Uniqueness in the art of the 20th Century is often confused with quality. To make its mark in the upper circles, an artist's work must not only be good, it must be different. Sometimes, if it's different enough, even the "good" can be dispensed with. There's no use quarreling with this syndrome; it is the inevitable result of the high value we place on individuality. The question is: how do we define uniqueness?
The truly unique has nothing to do with an artist's choice of medium, technique or subject matter. That is, it is not necessarily attained by cleverly hitting upon an unoccupied niche in the art world. It can come from an artist working within an outmoded tradition, as in the case of Melville, Mahler or Eakins, as well as from such ground-breakers as Joyce, Schoenberg and Picasso. One feels that the works of these writers, composers and painters would have been just as great regardless of the idiom in which they were done.
Peters works in the modernist tradition of abstract expressionism, the style which brought American art to world prominence in the 1940s and 1950s and which has been all but smothered under the avalanche of "isms" since the Sixties. Like Adolph Gottlieb and Robert Motherwell before him, he works with a limited number of geometric forms. These have evolved out of his earlier figurative work just as Willem deKooning's and Jackson Pollock's did from theirs. Despite these parallels, words like "derivative" or "outmoded" are not likely to occur to the viewer of a Peters painting. All such considerations are swept aside by the vitality and drama of these works.
Every abstractionist has to deal with the problem of how to or whether to make the world of his or her art as interesting as the real world. Peters' strategy is to start with a few rudimentary shapes and colors, set up a dynamic, unstable relationship between them, and let them interact. His paintings seem to have evolved as the universe itself has, beginning with a few elemental forces in opposition, expanding, proliferating and exploding.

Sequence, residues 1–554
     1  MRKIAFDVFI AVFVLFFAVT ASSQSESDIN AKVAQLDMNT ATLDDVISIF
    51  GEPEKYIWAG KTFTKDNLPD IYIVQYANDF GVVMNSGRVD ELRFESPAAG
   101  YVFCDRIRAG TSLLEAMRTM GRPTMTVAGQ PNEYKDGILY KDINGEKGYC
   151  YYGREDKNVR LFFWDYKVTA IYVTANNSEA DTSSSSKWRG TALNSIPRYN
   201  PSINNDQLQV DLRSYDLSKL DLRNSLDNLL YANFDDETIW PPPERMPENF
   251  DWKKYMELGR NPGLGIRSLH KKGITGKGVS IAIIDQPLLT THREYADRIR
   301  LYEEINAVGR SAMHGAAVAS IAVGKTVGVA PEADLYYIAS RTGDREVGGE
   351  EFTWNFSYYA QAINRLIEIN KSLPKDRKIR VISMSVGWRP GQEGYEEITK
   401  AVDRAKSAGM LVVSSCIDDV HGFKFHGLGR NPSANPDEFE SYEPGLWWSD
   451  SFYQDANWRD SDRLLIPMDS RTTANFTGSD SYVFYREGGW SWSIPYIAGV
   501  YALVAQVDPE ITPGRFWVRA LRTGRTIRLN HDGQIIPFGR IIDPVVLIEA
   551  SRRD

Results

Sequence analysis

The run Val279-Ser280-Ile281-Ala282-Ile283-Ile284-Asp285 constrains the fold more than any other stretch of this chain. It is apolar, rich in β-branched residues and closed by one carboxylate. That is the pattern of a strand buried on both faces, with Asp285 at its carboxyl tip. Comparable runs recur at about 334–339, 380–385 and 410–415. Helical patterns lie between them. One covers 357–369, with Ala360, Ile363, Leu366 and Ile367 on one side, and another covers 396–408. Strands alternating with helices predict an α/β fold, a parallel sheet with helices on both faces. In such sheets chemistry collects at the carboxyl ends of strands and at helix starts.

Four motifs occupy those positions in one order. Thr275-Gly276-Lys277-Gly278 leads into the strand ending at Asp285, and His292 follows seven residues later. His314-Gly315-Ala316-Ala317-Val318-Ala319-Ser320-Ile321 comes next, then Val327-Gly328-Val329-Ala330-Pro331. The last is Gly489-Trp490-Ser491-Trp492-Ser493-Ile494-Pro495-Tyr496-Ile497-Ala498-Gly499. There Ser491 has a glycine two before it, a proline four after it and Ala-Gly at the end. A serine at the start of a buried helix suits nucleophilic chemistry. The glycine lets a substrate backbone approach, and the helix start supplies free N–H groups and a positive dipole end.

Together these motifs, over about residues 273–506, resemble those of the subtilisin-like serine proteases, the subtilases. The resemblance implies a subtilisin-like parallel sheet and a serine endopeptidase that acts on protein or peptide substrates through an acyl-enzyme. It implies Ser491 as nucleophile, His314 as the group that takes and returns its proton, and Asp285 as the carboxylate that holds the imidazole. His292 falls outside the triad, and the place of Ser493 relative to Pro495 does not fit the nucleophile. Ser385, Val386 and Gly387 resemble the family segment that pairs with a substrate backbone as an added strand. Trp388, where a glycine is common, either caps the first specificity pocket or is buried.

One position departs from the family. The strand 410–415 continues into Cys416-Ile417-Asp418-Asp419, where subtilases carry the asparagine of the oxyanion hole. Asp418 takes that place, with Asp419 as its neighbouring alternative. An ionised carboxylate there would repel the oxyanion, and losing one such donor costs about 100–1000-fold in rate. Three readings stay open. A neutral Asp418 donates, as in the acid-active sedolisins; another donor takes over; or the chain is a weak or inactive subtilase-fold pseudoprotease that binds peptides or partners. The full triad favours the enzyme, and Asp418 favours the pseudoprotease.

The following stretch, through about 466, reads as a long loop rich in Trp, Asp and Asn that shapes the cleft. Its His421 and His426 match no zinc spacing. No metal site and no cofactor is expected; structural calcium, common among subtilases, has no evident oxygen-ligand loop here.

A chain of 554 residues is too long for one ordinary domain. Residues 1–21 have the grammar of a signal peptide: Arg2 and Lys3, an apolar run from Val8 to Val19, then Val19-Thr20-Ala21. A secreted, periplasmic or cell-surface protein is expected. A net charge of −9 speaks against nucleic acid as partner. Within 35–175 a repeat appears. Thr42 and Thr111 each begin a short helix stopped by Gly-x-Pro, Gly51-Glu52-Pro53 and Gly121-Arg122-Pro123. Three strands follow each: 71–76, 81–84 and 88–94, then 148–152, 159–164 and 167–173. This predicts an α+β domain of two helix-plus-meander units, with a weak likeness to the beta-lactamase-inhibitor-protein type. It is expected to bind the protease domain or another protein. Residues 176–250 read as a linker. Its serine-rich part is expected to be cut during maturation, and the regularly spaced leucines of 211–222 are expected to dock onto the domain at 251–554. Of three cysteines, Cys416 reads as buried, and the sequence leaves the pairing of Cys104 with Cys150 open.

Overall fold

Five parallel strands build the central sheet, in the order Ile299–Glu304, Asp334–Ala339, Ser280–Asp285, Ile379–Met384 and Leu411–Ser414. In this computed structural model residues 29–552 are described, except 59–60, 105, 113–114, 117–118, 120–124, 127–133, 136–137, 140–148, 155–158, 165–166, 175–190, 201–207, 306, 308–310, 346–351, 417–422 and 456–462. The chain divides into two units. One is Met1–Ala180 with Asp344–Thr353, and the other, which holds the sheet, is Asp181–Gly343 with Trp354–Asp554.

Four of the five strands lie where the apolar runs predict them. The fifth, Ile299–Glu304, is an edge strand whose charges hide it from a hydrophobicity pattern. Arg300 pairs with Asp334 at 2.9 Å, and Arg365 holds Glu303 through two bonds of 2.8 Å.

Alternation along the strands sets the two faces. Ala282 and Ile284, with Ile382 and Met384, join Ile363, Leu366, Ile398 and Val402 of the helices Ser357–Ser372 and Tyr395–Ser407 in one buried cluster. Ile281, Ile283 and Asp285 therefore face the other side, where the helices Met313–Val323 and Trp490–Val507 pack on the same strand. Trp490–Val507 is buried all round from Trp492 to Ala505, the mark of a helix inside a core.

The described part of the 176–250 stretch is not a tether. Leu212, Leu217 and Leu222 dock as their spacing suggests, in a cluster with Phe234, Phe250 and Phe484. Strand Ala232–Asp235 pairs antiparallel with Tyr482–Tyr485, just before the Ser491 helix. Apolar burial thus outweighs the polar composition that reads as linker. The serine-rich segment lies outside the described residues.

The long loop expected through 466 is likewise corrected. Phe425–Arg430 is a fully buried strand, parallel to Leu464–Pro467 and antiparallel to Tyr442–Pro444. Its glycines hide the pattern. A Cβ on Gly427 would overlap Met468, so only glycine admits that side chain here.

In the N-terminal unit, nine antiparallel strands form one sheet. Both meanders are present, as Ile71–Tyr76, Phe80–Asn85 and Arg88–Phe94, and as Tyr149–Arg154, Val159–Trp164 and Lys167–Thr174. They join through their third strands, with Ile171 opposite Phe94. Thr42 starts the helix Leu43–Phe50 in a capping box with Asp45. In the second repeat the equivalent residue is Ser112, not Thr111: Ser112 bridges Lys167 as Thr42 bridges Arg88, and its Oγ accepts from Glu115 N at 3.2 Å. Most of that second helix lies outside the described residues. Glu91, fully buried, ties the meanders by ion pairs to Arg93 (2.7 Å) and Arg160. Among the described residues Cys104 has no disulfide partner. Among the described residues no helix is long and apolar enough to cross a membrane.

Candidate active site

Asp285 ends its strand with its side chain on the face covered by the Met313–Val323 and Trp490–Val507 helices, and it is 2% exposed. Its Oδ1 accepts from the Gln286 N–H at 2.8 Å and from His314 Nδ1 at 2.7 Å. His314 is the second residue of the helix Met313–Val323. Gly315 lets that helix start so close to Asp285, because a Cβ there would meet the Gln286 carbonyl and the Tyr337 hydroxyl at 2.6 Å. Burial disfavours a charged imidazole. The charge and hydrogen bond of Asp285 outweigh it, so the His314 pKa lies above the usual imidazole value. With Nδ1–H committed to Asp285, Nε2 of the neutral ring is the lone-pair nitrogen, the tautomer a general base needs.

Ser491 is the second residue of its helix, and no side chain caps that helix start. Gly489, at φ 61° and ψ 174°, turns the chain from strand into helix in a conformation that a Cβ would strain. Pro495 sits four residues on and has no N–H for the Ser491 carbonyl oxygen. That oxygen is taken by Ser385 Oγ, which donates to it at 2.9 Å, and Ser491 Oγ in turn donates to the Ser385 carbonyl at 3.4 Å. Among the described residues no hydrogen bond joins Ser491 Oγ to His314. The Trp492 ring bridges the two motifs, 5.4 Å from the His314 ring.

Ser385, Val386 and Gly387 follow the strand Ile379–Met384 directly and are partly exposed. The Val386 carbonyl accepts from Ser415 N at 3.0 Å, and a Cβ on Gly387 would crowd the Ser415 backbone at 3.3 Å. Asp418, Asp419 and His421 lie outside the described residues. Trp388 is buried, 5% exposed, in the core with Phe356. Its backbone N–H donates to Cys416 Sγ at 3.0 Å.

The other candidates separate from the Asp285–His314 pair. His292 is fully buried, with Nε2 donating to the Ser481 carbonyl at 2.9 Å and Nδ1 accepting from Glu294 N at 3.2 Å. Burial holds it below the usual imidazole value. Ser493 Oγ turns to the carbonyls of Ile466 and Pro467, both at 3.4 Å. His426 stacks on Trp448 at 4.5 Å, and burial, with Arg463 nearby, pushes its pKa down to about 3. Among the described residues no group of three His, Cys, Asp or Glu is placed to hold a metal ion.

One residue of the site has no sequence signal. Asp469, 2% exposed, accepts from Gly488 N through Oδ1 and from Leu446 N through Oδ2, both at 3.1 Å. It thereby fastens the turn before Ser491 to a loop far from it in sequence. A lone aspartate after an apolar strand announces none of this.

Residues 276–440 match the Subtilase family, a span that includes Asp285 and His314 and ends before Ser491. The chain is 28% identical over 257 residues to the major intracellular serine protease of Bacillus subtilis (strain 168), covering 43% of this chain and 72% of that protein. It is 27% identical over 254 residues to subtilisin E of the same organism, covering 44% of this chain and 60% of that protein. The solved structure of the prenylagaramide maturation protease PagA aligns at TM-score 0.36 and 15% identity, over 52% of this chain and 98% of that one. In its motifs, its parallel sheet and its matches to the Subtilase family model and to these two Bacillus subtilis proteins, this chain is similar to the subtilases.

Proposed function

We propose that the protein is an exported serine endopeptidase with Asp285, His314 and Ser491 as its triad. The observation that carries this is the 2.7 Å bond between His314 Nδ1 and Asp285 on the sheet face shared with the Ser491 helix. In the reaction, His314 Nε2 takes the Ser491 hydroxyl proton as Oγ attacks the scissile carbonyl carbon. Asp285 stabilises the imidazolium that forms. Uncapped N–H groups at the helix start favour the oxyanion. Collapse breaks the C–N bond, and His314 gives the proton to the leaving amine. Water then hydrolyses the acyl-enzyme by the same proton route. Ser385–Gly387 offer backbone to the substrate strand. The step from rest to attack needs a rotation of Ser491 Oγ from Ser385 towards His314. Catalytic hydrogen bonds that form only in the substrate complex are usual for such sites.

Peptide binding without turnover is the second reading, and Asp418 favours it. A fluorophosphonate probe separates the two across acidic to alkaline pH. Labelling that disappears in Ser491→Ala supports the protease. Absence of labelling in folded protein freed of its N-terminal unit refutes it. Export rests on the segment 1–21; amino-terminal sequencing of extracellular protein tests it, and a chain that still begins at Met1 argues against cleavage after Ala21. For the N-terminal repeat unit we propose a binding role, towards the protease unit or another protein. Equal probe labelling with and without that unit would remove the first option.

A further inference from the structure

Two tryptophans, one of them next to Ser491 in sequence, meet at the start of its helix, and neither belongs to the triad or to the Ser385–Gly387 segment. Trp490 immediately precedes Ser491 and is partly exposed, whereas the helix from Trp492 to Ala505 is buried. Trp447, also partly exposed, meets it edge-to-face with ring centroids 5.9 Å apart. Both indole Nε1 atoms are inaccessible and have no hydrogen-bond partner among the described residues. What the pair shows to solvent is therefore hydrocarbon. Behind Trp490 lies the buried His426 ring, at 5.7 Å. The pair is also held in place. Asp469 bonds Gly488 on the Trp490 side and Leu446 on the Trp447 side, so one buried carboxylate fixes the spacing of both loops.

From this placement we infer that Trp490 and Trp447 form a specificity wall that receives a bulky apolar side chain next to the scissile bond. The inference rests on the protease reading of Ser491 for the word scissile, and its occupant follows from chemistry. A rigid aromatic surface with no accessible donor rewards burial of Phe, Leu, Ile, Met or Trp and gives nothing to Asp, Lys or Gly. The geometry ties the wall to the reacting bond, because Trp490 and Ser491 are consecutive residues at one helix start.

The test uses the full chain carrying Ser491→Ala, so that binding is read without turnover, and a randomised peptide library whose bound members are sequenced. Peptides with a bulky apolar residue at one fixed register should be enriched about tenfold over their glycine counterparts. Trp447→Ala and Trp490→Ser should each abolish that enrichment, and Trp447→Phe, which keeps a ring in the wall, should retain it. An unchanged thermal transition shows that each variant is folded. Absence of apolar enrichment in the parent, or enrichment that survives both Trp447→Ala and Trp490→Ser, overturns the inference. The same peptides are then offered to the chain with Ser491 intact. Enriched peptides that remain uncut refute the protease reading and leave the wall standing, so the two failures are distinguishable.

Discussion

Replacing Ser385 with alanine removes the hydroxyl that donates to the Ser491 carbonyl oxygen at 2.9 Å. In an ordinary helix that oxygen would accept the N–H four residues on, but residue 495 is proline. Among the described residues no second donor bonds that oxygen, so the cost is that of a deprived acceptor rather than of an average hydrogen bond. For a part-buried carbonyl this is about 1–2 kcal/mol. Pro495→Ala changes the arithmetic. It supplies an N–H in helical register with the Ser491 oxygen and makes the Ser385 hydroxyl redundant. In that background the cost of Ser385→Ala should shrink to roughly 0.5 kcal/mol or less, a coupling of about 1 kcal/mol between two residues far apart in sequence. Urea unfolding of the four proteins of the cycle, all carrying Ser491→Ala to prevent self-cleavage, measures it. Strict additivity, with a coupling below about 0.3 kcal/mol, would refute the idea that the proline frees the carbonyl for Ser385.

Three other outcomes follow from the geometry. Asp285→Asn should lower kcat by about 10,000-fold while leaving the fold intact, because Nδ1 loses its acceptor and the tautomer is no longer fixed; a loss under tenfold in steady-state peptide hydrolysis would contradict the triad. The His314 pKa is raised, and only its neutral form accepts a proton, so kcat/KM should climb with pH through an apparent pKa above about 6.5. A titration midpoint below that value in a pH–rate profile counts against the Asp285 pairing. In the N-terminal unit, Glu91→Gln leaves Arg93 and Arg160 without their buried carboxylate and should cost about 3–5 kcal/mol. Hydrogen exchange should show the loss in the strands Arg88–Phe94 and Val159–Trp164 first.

What might be called the "environments" in which these dramas play themselves out are made up of rectangular color fields, sometimes flat and featureless, as in White Roofs, sometimes churning like a drop of pond water or the surface of the sun, as in Vague Miasma.
Often the most prominent of the dramatis personae is the right triangle, or wedge. Its base is characteristically unstable, so that it tends to eject its contents like a volcano or a wound. A double curve, resembling mountains or breasts, is frequently found near the top of a painting. In the middle region of nearly every work is a kind of horizontal barrier of short vertical strokes, which resemble coyote fences the artist said he saw in New Mexico. Equally omnipresent is a group of small bean-shaped forms resembling footprints or microbes. Sometimes, as in Richly Blatant, these have become trapped in loops of juicy white paint like invading germs attacked by leukocytes.
Near the end of 1985, a mutation of the wedge, an isosceles triangle, began appearing in Peters' work. In Merger and Acquisition, it recalls a rooftop; in Necessary Circumstance, the female pubis; and inRichly Blatant, it tries to imitate the indigenous right triangles by taking on their red coloring and volatile disposition.Peters works mainly in oil and oil pastel on canvas or paper, usually on a large scale. There is always interplay between the dry marks and fluid strokes. The artist describes his work as "messy," and so it is, with drips, splatters and troweled textures so entangled that sometimes the painting looks out of control.